Murre Seabird Chicks Hatch for the First Time in 100 Years on the Channel Islands
Contact: Yvonne Menard, 805-658-5725
This July, researchers from the U.S. Geological Survey (USGS) and National Park Service (NPS) discovered that California Common Murre (Uria aalge californica) chicks had hatched for the first time since 1912 on the Channel Islands.
Historically, murres nested on Prince Island—a small islet off San Miguel Island within Channel Islands National Park. This colony disappeared nearly a century ago, likely a result of human disturbance and egg harvesting.
In California, Common Murres are most abundant off central through northern California with tens to hundreds of thousands of birds nesting at the Farallon Islands, off Trinidad Head, and at Castle Rock National Wildlife Refuge.
“This is an exciting finding; certainly a historic one,” says Josh Adams, a seabird ecologist with the USGS Western Ecological Research Center. “The murres appear to have reestablished their former southern range, perhaps benefitting from present ocean conditions.”
This new colony was spotted, perched on 100-foot-high sea cliffs, by Adams and colleagues Laurie Harvey, David Mazurkiewicz, and Jonathan Felis during their research trips to this remote windswept island this summer. With this murre colony, Prince Island now hosts 13 nesting seabirds, making it one of the most important and biologically diverse nesting habitats on the West Coast of North America.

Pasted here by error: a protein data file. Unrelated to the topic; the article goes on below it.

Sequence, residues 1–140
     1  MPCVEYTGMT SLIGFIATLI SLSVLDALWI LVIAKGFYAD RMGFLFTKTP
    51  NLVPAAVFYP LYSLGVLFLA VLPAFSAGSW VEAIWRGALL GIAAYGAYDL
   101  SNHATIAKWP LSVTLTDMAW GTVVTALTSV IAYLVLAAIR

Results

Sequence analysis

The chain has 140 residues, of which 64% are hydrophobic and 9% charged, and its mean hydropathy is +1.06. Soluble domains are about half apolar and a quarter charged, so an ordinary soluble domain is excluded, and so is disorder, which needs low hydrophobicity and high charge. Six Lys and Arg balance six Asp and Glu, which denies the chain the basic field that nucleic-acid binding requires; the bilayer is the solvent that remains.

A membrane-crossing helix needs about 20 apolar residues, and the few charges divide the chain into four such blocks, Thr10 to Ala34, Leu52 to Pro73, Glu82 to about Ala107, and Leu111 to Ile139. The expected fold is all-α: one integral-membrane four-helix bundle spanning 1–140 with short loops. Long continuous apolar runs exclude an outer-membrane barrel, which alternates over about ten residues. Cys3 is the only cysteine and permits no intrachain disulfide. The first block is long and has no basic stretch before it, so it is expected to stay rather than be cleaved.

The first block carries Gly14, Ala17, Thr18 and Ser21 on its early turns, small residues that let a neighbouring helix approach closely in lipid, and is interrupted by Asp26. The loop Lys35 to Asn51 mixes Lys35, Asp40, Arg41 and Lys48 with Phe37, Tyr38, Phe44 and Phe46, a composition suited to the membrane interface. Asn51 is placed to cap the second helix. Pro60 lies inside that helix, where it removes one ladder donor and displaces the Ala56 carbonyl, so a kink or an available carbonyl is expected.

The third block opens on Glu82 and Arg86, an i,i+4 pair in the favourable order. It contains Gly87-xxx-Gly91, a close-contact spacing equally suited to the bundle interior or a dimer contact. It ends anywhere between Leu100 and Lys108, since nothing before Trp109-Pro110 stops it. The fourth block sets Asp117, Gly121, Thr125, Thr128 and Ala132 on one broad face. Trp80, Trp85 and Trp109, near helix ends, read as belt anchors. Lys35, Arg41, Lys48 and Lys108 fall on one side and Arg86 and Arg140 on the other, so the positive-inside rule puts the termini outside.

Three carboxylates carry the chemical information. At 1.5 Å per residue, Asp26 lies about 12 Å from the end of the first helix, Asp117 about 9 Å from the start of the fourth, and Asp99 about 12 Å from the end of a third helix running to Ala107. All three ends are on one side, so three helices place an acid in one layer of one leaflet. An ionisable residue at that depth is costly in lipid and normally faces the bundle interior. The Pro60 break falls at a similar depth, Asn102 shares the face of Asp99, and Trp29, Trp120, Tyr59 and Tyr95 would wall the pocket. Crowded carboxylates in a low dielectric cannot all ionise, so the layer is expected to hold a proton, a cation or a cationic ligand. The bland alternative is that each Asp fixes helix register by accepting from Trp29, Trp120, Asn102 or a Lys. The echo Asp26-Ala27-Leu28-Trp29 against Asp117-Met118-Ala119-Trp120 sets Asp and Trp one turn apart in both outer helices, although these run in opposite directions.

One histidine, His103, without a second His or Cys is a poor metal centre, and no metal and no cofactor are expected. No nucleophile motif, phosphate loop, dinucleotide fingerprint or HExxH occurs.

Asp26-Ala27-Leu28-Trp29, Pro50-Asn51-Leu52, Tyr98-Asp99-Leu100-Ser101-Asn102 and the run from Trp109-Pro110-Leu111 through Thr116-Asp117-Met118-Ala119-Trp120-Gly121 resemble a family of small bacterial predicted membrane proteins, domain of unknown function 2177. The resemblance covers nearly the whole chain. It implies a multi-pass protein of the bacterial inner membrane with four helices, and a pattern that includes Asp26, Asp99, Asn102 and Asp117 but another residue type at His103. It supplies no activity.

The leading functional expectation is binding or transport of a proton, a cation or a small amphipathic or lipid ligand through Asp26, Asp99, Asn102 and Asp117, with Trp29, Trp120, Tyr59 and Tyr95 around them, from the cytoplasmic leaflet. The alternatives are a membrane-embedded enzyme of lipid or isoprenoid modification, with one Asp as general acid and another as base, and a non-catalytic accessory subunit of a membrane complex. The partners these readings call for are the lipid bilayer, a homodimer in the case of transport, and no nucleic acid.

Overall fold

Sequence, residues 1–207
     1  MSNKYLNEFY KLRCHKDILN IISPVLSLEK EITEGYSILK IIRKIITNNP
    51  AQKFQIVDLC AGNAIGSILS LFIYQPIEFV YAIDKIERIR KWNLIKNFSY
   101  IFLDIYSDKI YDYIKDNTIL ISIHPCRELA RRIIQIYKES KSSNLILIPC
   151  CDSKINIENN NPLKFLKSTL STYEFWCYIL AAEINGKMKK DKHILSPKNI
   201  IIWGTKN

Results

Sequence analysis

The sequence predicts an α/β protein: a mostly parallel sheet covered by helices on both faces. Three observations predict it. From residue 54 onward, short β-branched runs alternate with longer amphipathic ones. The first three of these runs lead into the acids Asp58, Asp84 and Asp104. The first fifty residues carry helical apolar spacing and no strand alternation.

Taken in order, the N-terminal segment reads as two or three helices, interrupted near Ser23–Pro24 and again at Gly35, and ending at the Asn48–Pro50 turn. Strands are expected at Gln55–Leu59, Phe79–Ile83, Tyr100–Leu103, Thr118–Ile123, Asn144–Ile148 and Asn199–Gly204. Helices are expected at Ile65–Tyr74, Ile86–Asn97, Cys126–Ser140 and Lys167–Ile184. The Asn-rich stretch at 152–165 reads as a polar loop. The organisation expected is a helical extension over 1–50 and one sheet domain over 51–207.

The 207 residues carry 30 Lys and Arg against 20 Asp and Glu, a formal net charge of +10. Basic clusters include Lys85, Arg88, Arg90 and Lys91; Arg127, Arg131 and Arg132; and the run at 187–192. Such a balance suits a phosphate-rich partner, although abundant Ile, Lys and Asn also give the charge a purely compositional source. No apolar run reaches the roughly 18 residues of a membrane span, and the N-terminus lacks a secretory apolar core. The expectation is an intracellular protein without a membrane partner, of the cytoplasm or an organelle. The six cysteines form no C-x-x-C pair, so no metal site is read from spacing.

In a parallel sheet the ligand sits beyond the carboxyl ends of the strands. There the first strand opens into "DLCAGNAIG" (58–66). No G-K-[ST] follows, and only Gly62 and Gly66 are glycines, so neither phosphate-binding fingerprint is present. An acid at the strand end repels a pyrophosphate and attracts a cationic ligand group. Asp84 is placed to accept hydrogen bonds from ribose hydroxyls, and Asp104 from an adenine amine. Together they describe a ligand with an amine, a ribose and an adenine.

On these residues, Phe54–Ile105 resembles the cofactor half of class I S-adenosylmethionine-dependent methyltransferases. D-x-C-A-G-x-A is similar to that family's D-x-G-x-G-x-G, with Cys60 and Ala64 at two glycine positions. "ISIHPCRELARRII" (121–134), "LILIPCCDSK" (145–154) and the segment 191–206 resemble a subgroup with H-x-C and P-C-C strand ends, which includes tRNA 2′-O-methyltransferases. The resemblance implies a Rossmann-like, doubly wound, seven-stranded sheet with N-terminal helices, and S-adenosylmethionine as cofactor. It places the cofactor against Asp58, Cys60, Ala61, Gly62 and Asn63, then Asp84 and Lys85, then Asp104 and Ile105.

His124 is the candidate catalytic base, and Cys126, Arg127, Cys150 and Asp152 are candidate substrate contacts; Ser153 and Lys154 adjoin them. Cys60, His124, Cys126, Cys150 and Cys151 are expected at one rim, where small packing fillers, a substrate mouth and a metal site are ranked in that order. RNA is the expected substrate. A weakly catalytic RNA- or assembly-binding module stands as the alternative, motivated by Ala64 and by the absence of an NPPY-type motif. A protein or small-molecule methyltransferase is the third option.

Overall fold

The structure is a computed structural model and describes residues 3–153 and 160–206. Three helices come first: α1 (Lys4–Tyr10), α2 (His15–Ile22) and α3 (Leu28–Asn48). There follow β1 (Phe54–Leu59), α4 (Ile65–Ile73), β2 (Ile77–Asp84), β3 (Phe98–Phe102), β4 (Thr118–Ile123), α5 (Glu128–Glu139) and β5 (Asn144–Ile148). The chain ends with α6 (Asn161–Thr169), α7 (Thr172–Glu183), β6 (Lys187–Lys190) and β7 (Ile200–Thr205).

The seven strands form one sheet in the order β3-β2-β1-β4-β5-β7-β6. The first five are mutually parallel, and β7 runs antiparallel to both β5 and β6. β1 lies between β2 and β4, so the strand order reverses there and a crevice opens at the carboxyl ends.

Using photographic documentation, they counted some 125 birds and estimated that over half may be incubating. The first successful chick hatching was observed on July 28, 2011.
Murres are football-sized seabirds with the tuxedo colors of penguins—except they can both fly in the air and dive down to 500 feet underwater. They use their wings to propel themselves underwater.
For the first two weeks murre chicks are fed by their parents, who dive for anchovies, sardines, and juvenile rockfishes. At the end of two weeks baby murres waddle off the cliff edges to the surf below. They join their fathers, who raise the chicks at sea until they are capable of diving and feeding on their own.
The new colony is situated within Channel Islands National Park, Channel Islands National Marine Sanctuary, and the recently designated Harris Point California Marine Protected Area. Seabird biologists will continue to evaluate the future of the Common Murre colony at Prince Island. Partners in this monitoring effort included the Montrose Settlements Restoration Program and the California Institute for Environmental Studies.
For more information on California seabird research: http://www.werc.usgs.gov/seabirds
For more detailed public domain photos of the colony:
Did You Know?
The Channel Islands are often called the "North American Galapagos" because they are home to over 150 endemic or unique species.